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Kristy finds freedom from a lifetime of violence

5 April 2016


Kristy suffered a lifetime of domestic violence. First at the hands of her father, then to a violent partner.

As a child, Kristy was forced to flee onto the streets alone, she was in trouble with the law from her early teens, and has been homeless more times than she can remember. 

“My earliest memories of family are from when I was seven. My father used to hit me a lot. He continually picked on me and locked me in cupboards as a punishment. He often told me he hated me. My mother stood by and just watched. When I was 12, he punched me in the face, and I ran away from home.”

At this point, Kristy was quickly taken into care. She had escaped her abusive father, but her life did not get better. In fact, things got worse. At school she was involved in an accident that left her partially blinded in one eye. And she went through a string of foster homes, some of them abusive.

“At one home I saw them cooking my dinner and they opened a tin of cat food and put it in my stew. They only did this to my meal, theirs was already dished on their plates. At another, they abused me often. They called me horrible names, anything they could throw at me. I tried to commit suicide once as I felt so sad and wanted the pain to stop.”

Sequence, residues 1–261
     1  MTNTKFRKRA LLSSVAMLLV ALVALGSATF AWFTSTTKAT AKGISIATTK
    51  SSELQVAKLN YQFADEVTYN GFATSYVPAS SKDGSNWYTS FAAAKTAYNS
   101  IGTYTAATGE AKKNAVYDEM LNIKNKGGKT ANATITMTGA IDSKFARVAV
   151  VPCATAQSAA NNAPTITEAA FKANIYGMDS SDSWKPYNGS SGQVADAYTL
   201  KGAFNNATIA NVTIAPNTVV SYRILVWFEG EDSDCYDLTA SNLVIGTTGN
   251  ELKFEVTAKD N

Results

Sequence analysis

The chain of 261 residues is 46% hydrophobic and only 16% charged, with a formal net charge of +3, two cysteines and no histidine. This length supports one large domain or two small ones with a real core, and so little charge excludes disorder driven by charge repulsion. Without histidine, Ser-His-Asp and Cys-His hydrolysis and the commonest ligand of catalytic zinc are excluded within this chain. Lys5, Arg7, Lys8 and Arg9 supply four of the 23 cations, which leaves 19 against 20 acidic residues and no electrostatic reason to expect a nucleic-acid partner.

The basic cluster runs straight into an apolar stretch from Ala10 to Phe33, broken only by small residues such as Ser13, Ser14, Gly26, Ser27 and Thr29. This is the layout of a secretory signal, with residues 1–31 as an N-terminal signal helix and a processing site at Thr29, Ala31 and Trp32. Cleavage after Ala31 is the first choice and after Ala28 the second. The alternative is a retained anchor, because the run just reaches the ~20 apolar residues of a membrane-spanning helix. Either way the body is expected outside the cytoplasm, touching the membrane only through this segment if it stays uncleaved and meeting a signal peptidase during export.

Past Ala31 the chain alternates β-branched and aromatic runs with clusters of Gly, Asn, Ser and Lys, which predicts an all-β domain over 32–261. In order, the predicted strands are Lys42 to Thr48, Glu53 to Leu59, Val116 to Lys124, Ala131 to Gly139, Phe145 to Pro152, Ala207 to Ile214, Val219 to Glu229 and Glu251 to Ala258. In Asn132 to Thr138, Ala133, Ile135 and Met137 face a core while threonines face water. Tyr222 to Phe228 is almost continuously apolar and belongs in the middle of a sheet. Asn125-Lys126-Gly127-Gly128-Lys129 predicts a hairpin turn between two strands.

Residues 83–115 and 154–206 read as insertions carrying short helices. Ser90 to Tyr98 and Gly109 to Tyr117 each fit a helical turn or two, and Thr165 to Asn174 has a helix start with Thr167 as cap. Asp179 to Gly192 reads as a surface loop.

Time after time Kristy ran away. Time after time she was brought back. The last time she ran away, she went to live with her mother. But was told to leave because of friction with her mother’s new boyfriend.

By the age of 14, she was all alone in the world, homeless, living in a shopping trolley behind a supermarket, stealing food to survive. Over the next two years, Kristy lived a chaotic life.

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Stealing became a habit. It was the only way she knew to survive. She became involved in an abusive relationship. And then her life was completely turned upside down when she lost a baby to Sudden Infant Death Syndrome.

“I went off the rails over the death of my daughter. I felt lost and devastated.”

Then, close to the anniversary of her daughter’s death, Kristy met Major Joy Wilson, the founder and manager of Salvation Army, Hope House.

Her involvement with The Salvation Army has since had a profound effect on Kristy’s life. She has completed several of our courses designed to help young people turn their lives around, she is dealing with her grief over her daughter and has stopped stealing. She is also studying to become a Child Care worker.

“Major Joy and I talked about God and heaven and what heaven is like, and what my daughter might be experiencing while she waits for me. If I need to talk to someone when I’m not coping well, I know I won’t be judged. I can be myself here.”

It’s turnarounds like this that joining Salvos Freedom Partners is all about.

By giving a regular monthly gift of $35 a month, you’ll become part of the story, helping people in real trouble to turn their lives around. People who have hit rock bottom, who feel abandoned and lost in the darkness. Your Salvos Freedom Partnership will show them hope and light.

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